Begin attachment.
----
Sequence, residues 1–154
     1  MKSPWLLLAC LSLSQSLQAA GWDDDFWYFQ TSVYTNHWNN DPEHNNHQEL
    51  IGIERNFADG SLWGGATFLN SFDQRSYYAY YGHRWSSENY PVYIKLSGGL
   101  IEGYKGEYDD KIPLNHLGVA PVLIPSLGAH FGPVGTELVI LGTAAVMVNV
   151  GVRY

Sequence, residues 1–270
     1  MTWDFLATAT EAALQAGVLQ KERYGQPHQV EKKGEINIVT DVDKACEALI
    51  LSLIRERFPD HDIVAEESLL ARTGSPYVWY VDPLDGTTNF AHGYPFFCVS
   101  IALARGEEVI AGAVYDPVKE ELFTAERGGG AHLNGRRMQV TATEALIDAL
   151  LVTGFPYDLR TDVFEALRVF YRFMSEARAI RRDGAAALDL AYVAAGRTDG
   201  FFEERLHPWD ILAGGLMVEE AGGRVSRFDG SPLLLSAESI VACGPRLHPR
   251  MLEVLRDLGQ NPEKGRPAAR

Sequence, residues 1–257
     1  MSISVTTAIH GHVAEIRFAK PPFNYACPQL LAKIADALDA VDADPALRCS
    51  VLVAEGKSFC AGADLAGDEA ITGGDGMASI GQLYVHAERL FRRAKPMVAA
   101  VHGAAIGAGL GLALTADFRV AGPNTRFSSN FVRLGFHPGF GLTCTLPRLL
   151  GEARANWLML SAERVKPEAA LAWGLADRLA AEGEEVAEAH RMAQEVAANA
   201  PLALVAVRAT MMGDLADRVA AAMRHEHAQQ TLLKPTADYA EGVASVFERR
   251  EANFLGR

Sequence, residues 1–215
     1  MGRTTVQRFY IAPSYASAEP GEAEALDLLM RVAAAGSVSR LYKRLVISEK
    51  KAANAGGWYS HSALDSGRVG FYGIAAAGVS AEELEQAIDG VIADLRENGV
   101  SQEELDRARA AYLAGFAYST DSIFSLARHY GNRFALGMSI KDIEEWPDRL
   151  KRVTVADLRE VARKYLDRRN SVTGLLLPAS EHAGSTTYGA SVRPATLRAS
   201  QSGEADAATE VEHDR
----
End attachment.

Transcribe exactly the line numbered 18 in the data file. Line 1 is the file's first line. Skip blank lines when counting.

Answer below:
   201  PLALVAVRAT MMGDLADRVA AAMRHEHAQQ TLLKPTADYA EGVASVFERR